The Labor Department reported Thursday that for the first time unemployment insurance claims rose more-than-expected last week despite other signs of a recovery in the labor market.

Total claims for the first time for the week ended April 3 came to 744,000, well above expectations for 694,000 economists surveyed by the Dow Jones. The total represents an increase of 16,000 from the previous week’s 728,000, revised upward. The four-week moving average rose to 723,750.

This news comes a week after there was a sign of more robust recovery in the labor market, such as the non-farm payrolls in March By 916,000 While the unemployment rate has decreased to 6%.

This was the biggest job gain since August, although unemployment remains well above the pre-pandemic low of 3.5%.

Ongoing claims provided some good news on the business front, with the total dropping from 16,000 to 3.73 million. This is the lowest level of ongoing claims since March 21, 2020, after the Covid pandemic struck directly and companies set up mass layoffs in conjunction with the economic shutdown. Continuing claims continue a week after the headline of the weekly number.

A year ago, that total was only 3.44 million, but it rose shortly thereafter due to mass layoffs in late March and early April.

California and New York accounted for most of the increase in jobs, with increases each of 38,963 and 15,714, according to unadjusted data. These increases were offset to some extent by decreases of 13,944 in Alabama and 10,502 in Ohio.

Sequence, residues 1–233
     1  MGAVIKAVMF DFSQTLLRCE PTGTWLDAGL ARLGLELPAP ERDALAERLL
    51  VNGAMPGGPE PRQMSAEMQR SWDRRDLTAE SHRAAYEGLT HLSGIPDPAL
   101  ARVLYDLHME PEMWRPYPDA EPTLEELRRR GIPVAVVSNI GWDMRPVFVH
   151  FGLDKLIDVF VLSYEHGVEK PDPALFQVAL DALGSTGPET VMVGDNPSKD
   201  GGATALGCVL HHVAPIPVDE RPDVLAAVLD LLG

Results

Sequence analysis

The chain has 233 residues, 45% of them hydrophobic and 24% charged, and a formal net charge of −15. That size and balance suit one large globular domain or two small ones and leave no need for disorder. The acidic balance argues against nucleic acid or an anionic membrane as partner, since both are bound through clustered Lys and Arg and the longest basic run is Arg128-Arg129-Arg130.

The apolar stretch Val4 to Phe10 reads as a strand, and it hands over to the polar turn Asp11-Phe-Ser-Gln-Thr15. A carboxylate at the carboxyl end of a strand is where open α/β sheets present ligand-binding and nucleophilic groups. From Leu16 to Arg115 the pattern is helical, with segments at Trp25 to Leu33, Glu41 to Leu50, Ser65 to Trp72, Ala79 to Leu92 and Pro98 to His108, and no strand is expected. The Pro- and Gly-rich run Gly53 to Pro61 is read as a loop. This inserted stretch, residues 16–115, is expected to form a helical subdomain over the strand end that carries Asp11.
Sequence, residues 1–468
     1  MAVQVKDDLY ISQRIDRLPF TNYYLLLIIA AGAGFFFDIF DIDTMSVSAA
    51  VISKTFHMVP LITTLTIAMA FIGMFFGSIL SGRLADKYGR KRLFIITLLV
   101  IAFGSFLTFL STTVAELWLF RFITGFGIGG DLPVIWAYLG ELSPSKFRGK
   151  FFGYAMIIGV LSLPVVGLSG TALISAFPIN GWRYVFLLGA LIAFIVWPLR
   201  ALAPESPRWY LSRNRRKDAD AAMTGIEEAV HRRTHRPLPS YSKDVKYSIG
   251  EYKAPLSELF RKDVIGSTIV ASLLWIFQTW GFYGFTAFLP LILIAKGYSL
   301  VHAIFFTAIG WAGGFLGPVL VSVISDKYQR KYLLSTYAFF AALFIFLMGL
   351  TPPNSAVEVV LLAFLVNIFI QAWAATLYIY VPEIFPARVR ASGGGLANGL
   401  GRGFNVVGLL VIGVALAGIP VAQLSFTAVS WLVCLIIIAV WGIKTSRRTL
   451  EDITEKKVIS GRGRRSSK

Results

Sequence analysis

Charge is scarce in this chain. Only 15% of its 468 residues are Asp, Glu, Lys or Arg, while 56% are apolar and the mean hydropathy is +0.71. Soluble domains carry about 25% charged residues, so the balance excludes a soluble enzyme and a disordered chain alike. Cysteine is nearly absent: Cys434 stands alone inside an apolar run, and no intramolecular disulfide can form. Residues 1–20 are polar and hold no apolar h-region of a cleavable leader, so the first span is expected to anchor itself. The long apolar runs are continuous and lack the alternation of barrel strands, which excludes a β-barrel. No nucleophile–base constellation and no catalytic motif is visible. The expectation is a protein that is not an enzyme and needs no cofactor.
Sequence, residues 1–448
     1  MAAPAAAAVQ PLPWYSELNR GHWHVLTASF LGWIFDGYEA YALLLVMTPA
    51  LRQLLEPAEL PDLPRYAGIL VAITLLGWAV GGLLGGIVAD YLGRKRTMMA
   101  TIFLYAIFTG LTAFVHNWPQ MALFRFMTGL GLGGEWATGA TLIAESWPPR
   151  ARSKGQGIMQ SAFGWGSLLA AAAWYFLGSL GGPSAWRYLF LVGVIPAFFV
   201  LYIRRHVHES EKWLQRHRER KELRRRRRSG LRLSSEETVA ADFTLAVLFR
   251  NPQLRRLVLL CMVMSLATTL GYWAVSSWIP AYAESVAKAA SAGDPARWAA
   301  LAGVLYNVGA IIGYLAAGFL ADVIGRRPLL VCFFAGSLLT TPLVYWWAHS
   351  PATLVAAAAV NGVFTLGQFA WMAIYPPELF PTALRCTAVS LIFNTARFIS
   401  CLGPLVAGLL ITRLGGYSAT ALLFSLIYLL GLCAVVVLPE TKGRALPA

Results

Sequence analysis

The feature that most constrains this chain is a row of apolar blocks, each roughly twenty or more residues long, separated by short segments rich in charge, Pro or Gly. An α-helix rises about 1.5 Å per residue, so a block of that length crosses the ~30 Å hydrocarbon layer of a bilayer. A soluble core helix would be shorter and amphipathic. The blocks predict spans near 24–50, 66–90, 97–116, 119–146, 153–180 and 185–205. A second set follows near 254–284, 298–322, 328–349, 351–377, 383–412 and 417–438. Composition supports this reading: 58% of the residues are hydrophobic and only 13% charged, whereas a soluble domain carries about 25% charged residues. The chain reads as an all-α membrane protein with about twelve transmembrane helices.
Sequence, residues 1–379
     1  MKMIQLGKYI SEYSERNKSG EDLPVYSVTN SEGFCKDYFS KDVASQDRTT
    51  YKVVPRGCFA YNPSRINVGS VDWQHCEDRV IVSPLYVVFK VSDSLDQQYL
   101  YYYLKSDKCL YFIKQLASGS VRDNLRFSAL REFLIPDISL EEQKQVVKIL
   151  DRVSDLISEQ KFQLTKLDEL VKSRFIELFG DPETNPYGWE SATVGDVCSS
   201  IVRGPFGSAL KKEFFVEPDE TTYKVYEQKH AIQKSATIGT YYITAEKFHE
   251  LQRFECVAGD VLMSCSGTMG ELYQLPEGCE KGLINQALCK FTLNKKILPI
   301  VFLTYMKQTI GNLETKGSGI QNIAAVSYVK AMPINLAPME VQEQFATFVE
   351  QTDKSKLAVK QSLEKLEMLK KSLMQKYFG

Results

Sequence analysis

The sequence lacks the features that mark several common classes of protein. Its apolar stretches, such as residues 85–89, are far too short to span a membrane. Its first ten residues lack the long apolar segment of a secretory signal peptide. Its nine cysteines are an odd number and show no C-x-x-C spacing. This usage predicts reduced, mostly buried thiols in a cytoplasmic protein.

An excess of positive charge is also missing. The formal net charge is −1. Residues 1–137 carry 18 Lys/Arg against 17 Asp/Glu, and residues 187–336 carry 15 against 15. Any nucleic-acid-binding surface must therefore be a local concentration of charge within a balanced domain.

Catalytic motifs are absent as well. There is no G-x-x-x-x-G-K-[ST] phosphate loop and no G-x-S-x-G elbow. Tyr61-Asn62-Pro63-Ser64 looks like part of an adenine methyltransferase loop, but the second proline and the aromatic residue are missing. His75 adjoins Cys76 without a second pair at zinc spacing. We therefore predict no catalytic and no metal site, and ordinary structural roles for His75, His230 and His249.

Economists said a backlog of orders could be one of the factors driving the number of claims up, while spikes in Covid cases for some states could also lead to a spike in filings.

Markets did not react much to the data, as stock futures and government bond yields mixed.

Despite recent progress, Fed officials say more progress is needed on the jobs front before they consider a policy change.

Minutes from The last meeting of the Federal Open Market CommitteeReleased on Wednesday, it indicated a better outlook for the economy despite the continuing need for an easy policy.

Fed Governor Lyle Brainard told CNBC on Wednesday that the economic outlook has “dramatically improved” but that there are still about 9 million fewer workers than there were before the pandemic. Central bank officials said they not only want to see full employment but also comprehensive gains across lines of income, race and gender.

“In that sense, we have some distance to go before achieving the results,” Brainard said.

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